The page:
AC Kosai F Mk IV
by HolidayTheLeek
uploaded 2018-12-12
stock aircraft
#fighter #stockpropeller #stock #aircraft


The Holiday Navy was in desperate need of more competitive aircraft. Unfortunately for the Navy, the Akajei F IV was too large and difficult to handle on the ground to be operated on any carrier the Holiday Navy had in service. As a result, a lighter, single engined fighter was developed. The Kosai F IV was developed by Kujira Industries, the same manufacturer that created the Akajei series of aircraft.
The Kosai featured an advanced pusher layout which allowed better visibility and a cleaner, more aerodynamic nose. The pusher layout also pushed back the centre of mass which allowed tricycle landing gear to be adopted. The new landing gear layout dramatically improved ground handling which made it popular with both experienced and inexperienced pilots. The aircraft had a superior climb and dive to the surplus WW2 fighters the Holiday Navy were operating well into the late 20th century. In spite of all the aerodynamic refinements, the aircraft was still significantly slower than the Akajei. Another issue with the aircraft that was never fully ironed out was the aircraft going into uncontrollable flat spins at high altitude during manoeuvres. The immense torque of the engine combined with the large amount of blades and low weight of the aircraft contributed to this problem.
During the many battles with the Atlantis State, the Kosai was immediately replaced by the Storm Petrel as a front line fighter. Due to the superior range of the Kosai, it was used most commonly as a reconnaissance aircraft or ground attack. The limited amount of Kosai aircraft used as fighters suffered heavy losses to the Aus Fighter Mk IV due to its lack of speed. The Kosai was retired much earlier than the Akajei.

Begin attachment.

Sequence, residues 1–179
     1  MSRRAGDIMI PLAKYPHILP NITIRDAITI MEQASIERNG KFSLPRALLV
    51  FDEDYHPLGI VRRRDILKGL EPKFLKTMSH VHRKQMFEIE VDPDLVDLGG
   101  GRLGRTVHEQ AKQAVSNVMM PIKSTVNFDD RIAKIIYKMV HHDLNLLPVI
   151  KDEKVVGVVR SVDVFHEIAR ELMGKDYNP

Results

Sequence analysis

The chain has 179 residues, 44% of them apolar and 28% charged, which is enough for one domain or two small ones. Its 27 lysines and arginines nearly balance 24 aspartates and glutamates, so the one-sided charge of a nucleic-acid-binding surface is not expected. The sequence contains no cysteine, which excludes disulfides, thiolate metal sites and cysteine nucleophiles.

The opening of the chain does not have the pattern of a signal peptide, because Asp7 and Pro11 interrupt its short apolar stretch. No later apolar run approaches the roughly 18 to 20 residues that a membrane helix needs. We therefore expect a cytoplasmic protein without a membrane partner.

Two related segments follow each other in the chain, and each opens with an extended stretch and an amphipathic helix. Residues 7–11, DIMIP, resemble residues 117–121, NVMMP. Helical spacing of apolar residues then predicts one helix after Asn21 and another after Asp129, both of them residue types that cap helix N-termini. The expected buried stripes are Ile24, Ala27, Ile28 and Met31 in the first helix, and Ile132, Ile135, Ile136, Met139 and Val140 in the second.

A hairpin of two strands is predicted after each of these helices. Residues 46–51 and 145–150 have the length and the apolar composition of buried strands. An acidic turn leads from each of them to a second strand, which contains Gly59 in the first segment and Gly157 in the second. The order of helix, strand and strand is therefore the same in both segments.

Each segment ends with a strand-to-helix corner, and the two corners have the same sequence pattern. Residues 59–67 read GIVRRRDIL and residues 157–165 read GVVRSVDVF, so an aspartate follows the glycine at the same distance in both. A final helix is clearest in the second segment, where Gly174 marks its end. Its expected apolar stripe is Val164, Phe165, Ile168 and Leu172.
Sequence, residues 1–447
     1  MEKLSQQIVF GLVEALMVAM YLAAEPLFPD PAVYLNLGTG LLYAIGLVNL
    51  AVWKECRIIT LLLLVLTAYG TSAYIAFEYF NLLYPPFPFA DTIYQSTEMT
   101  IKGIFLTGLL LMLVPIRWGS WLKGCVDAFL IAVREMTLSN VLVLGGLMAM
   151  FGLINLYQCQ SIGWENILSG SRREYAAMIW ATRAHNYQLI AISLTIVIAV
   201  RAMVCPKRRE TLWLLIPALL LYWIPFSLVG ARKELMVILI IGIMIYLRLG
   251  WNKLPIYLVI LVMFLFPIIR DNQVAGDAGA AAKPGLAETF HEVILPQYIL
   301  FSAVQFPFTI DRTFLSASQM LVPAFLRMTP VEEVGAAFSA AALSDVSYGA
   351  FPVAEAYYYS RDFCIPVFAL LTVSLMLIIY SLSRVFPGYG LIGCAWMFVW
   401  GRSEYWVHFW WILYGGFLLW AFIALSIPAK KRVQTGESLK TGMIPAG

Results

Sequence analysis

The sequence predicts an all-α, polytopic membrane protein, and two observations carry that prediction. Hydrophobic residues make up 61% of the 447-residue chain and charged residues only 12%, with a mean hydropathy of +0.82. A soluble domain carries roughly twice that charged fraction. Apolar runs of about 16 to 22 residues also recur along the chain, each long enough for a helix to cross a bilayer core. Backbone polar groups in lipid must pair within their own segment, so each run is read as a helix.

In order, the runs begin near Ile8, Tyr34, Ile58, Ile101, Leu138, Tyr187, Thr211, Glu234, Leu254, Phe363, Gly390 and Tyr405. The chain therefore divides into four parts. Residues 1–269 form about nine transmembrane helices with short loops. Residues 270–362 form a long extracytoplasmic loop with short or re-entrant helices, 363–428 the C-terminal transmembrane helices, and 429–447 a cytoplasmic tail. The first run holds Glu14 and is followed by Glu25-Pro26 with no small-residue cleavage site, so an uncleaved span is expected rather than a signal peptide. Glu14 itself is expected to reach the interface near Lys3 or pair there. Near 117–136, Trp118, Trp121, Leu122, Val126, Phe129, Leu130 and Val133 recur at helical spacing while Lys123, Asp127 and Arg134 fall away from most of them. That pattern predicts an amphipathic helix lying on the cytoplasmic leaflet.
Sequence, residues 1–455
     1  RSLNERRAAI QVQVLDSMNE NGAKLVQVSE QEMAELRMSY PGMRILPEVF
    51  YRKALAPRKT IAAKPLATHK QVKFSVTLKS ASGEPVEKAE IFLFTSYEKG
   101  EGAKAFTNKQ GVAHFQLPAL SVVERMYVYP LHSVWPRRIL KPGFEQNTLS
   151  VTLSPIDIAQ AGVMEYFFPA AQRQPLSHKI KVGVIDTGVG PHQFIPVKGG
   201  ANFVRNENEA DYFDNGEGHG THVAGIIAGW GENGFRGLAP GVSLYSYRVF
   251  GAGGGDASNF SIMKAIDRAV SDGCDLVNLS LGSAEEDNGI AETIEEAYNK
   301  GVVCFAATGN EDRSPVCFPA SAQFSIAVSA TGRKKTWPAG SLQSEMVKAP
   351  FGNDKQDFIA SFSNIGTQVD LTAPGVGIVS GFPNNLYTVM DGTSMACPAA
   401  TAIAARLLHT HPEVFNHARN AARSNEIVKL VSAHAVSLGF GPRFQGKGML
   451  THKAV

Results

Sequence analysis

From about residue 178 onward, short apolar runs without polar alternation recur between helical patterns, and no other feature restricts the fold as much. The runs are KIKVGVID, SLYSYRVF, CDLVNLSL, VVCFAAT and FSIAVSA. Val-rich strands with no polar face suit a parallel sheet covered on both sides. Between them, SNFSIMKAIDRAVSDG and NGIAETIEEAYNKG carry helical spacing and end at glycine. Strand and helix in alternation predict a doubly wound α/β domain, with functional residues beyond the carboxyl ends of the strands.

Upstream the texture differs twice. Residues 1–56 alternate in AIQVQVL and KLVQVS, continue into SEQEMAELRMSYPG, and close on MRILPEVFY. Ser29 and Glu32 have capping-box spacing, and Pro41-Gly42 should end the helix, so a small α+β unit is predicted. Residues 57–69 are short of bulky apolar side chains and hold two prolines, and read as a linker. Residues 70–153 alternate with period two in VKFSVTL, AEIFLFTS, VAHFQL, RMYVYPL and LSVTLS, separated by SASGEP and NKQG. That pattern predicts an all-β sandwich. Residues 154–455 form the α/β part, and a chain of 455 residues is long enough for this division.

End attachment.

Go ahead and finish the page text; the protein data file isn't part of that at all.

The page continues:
1: Decouple the propeller from the craft
2: Turn on SAS for the main craft, but not the propeller
3: Switch to propeller (using [ ] keys)
4: Hold down ALT + Q until the roll meter is completely to the right
5: Rotate gently at about 50-60m/s
6: Fly like normal

-At speeds above 140m/s, switch to the propeller and press 1 to change the prop pitch. This will allow the aircraft to get to much higher speeds.

-Avoid hard turns with the high speed prop setting. You may get into a flatspin.

-When landing, use the high speed prop setting when turning off the prop. This will reduce drag and avoids breaking the prop.


  • Type: SPH
  • Class: aircraft
  • Part Count: 168
  • Pure Stock
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